For many Americans, the motto for January is “new year, new me.” If social media is anything to go by, your friends and family are probably vowing to stick to their exercise routine or their newfound devotion to eating keto. And while 66% of U.S. residents are on a diet, some people go to even greater extremes to shed their unwanted weight. CoolSculpting procedures, for example, might not require surgery but can first provide results in anywhere from three weeks to four months. Seemingly, it’s never been easier to change the way you look — if you’re committed enough to the cause.
But even if you’re relatively happy with your body and feel like you have a fairly healthy lifestyle, your skin might tell a different story. No matter how many face masks you do or high-end products you use, you might still be struggling with breakouts. It’s not an uncommon phenomenon, as 85% of people experience acne at some point during their lives. However, that doesn’t make it any less frustrating, especially when you think you’re doing all the right things. If you’ve examined every other possibility and aren’t keen to go on serious medication, have you considered that your favorite foods might actually be to blame for your pimples?
Say it isn’t so! Well, according to some dermatology experts, it might not be. In fact, the American Academy of Dermatology doesn’t actually recommend any dietary changes to manage acne, as the organization says there’s insufficient data to support that claim. But other skin gurus maintain that there are certain ingredients that can make acne worse. And some people even swear by certain diets for their potential to clear up breakouts for good.
It’s evidently an old wives’ tale that greasy food equals greasy skin, so your love affair with French fries doesn’t necessarily have to end anytime soon. But pizza, Americans’ number one favorite comfort food, might not be so safe — not because it’s greasy, but because it’s loaded with cheese. Anecdotally speaking, dairy can have a huge impact on acne.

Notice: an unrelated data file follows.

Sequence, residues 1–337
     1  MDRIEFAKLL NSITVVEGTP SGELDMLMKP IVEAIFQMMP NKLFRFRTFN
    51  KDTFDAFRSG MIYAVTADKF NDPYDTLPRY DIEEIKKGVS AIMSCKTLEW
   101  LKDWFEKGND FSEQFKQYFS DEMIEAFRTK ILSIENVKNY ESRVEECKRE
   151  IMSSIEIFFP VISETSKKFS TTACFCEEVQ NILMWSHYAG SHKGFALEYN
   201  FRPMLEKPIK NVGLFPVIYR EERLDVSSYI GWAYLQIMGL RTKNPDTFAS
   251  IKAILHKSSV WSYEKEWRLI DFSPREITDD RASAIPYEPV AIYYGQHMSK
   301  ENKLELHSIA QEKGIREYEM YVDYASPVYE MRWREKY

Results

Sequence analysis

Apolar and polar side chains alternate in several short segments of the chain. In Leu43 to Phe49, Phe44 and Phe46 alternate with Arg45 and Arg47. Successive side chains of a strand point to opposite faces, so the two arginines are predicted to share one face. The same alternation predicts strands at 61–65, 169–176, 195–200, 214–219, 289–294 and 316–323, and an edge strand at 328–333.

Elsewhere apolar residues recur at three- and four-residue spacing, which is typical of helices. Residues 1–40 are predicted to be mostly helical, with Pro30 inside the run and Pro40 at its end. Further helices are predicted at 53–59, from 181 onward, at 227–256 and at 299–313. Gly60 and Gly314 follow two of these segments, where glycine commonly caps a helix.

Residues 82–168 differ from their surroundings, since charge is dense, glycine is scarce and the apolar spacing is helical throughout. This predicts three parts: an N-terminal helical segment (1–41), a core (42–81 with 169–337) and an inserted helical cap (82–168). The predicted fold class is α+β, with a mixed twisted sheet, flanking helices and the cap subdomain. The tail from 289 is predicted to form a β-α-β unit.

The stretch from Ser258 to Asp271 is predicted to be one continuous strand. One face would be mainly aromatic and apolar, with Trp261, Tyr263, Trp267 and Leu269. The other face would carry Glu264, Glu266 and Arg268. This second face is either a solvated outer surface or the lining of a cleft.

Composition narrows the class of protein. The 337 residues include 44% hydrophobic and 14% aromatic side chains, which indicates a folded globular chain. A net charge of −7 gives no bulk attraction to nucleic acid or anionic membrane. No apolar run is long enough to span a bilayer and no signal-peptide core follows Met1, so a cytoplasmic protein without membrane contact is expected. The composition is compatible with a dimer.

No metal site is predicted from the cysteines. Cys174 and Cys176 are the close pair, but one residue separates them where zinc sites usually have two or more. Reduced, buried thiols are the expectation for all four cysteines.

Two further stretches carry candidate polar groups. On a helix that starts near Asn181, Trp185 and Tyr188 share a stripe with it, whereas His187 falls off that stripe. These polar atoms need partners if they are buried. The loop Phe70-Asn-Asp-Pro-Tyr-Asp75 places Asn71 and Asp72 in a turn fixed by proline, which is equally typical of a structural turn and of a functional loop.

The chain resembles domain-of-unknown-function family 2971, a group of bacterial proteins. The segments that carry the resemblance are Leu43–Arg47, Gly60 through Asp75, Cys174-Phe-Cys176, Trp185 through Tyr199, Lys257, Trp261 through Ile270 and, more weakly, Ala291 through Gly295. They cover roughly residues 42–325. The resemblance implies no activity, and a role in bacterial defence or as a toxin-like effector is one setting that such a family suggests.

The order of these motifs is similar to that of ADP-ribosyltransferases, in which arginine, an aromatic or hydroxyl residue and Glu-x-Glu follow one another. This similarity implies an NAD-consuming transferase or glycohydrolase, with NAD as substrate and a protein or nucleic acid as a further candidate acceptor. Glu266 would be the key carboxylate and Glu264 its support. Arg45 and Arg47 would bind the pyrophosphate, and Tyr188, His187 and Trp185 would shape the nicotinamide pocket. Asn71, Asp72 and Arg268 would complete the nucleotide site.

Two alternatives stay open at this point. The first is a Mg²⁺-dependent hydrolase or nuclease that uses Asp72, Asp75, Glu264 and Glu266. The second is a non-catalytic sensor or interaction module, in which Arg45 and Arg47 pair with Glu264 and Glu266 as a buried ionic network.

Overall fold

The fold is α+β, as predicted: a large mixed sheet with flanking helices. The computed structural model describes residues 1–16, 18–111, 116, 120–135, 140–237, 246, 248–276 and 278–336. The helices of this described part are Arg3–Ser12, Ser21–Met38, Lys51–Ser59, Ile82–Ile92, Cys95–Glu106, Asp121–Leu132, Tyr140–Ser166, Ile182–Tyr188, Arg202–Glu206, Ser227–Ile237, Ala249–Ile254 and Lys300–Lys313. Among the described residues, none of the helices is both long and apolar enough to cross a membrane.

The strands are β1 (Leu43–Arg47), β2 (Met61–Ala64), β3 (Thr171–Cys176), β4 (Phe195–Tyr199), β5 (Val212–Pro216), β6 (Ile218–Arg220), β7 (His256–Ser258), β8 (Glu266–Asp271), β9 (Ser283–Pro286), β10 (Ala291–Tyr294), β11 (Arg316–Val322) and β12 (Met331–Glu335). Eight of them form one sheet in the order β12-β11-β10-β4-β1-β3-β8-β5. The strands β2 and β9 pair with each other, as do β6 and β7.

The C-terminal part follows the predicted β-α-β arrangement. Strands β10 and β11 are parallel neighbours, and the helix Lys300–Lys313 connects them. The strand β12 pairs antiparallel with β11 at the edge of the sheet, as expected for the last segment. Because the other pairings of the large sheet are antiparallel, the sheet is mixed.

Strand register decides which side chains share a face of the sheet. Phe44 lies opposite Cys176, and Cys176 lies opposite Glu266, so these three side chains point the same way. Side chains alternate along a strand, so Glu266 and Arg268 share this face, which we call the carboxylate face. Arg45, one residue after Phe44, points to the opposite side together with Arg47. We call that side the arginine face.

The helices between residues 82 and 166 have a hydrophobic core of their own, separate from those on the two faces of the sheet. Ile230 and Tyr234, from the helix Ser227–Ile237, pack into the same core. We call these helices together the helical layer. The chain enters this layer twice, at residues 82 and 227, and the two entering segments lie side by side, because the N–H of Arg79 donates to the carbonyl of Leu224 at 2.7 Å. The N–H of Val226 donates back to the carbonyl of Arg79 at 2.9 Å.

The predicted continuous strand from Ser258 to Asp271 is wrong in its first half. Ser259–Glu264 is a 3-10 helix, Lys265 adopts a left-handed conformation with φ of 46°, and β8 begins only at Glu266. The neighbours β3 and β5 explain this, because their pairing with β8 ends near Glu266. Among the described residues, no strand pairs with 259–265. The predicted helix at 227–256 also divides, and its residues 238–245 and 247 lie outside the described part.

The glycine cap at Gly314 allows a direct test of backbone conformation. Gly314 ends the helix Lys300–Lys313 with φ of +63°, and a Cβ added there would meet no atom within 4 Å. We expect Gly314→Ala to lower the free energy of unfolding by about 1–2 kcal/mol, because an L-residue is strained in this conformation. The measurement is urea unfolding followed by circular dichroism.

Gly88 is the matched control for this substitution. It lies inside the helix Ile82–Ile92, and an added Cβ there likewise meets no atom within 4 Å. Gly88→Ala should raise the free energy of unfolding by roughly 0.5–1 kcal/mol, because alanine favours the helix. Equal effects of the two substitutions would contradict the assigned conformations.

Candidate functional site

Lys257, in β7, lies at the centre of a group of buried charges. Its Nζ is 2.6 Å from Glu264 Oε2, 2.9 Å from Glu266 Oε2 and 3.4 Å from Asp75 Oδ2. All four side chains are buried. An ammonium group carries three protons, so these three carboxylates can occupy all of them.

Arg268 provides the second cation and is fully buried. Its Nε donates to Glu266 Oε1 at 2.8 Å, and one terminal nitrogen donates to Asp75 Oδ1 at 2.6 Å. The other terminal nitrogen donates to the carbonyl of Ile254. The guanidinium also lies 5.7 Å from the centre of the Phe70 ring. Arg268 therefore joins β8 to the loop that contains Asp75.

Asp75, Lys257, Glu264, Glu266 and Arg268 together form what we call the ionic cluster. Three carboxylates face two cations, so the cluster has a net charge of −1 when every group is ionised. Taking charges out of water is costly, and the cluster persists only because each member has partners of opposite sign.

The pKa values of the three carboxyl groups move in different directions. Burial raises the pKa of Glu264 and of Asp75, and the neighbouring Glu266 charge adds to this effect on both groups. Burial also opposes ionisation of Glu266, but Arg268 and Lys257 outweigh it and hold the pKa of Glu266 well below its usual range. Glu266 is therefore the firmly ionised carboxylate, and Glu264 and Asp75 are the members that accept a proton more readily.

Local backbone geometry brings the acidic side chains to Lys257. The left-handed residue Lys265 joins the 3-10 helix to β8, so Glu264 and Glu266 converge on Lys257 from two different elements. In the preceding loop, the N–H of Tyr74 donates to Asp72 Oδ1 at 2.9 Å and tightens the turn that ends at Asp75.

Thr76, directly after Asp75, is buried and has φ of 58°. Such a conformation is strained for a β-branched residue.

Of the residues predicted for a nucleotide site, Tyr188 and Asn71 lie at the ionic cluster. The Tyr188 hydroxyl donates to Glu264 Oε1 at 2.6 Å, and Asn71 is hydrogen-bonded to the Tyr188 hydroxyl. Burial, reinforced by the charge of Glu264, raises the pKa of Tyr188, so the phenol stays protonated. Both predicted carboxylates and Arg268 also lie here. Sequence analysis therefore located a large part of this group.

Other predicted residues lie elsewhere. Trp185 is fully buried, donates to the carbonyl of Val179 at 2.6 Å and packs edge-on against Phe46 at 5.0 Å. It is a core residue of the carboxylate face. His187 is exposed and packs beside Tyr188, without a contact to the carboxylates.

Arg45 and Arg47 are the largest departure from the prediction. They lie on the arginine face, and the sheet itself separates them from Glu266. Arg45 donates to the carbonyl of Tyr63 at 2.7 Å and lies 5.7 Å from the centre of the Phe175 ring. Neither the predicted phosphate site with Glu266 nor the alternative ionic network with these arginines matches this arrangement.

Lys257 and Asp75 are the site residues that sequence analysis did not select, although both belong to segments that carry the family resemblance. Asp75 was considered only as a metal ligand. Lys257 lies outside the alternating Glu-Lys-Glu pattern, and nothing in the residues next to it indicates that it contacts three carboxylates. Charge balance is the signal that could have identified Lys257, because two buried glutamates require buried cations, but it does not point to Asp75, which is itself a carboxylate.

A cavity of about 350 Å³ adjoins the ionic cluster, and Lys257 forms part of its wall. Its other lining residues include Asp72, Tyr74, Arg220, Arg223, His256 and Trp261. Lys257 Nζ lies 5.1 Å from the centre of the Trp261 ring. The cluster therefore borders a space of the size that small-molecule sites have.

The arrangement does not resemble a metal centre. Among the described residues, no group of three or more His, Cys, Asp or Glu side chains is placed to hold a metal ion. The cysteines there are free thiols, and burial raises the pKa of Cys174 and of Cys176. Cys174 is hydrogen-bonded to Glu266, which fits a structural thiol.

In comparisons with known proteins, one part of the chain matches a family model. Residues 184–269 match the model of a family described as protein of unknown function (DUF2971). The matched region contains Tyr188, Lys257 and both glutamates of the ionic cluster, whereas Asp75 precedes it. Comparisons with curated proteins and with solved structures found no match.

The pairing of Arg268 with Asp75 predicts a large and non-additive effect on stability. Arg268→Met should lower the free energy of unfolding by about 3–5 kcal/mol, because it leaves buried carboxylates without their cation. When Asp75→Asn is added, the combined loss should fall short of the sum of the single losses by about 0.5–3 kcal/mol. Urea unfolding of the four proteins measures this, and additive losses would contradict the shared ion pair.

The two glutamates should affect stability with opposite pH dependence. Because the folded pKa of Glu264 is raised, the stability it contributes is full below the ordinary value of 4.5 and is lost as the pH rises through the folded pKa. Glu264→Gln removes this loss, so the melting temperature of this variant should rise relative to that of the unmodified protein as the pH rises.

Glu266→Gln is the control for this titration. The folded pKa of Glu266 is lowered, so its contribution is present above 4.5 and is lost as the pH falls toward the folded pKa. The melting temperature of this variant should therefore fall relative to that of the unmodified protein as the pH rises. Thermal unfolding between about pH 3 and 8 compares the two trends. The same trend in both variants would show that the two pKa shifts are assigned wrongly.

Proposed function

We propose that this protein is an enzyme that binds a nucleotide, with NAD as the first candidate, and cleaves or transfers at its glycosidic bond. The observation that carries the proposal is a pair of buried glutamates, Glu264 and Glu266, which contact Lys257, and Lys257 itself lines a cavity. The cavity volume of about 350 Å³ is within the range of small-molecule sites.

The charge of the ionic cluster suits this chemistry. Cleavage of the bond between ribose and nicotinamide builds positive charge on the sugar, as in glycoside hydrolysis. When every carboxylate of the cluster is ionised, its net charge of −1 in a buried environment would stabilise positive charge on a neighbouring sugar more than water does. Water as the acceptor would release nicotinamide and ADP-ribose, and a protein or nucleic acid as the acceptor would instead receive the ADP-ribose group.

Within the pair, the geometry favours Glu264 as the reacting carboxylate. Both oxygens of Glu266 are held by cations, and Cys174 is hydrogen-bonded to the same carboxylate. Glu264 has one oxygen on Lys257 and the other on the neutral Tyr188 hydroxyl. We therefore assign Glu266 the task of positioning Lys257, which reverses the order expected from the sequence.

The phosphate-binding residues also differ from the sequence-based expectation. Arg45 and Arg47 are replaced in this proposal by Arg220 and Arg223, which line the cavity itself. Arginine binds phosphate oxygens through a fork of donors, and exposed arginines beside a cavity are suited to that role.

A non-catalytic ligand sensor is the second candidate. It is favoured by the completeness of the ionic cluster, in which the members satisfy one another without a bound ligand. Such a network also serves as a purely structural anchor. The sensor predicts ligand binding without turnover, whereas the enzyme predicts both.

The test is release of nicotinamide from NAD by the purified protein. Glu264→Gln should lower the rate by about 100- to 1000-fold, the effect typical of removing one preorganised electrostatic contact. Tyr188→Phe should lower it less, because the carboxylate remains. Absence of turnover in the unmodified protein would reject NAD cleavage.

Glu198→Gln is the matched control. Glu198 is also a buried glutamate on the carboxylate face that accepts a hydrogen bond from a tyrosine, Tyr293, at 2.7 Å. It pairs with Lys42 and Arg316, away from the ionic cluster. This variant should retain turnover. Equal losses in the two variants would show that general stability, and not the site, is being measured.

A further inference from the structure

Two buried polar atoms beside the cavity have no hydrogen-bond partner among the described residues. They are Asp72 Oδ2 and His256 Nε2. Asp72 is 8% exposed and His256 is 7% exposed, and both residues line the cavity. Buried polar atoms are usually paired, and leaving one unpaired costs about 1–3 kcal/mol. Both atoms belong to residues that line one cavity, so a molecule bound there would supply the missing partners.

Studies proving the correlation are rather scarce, but even many dermatologists will admit that their patients have often seen improvement after cutting dairy out of their diets. It’s not necessarily a cure, especially if your acne is serious and cystic, but it can complement the other efforts you’re making to clear up your skin. It’s also possible that reducing dairy intake can improve your skin if you have eczema or rosacea. And if you’re already lactose intolerant, you may want to consider that your food sensitivity is impacting your skin sensitivity, too.
But if you already opt for dairy substitutes and haven’t seen results, there may be another dietary reason why: sugar. Unfortunately, there may be some truth to the idea that higher sugar consumption levels may culminate in more breakouts.
According to what Anne Chapas, founder of Union Square Laser Dermatology, told the Atlantic, “The spikes in blood sugar which arise from eating high-glycemic foods cause oil production, which in turn cause acne. We know that those cause a harmful hormonal environment.”
But it’s not just about cutting down on your candy intake. Potatoes, white bread, and white rice are also high-glycemic foods that can cause your blood sugar to spike and lead to more acne. There is some recent research that suggests a low-glycemic diet could improve acne results. On the plus side, if you increase your consumption of leafy greens and other veggies, legumes, and fruits, you could end up with clearer skin and a healthier lifestyle overall.
Acne can be caused by any number of factors, which is one reason why it makes it so difficult to treat; what works wonders for one individual may make no difference (or could actually worsen the problem) in another. In the end, what you eat might not end up having any effect on your acne. Still, keeping a food journal and noting differences in your skin isn’t likely to hurt; it can merely inform you about whether you could be making better choices for the sake of your skin. That way, you can at least be informed and explore every avenue before moving on to more extreme treatment options.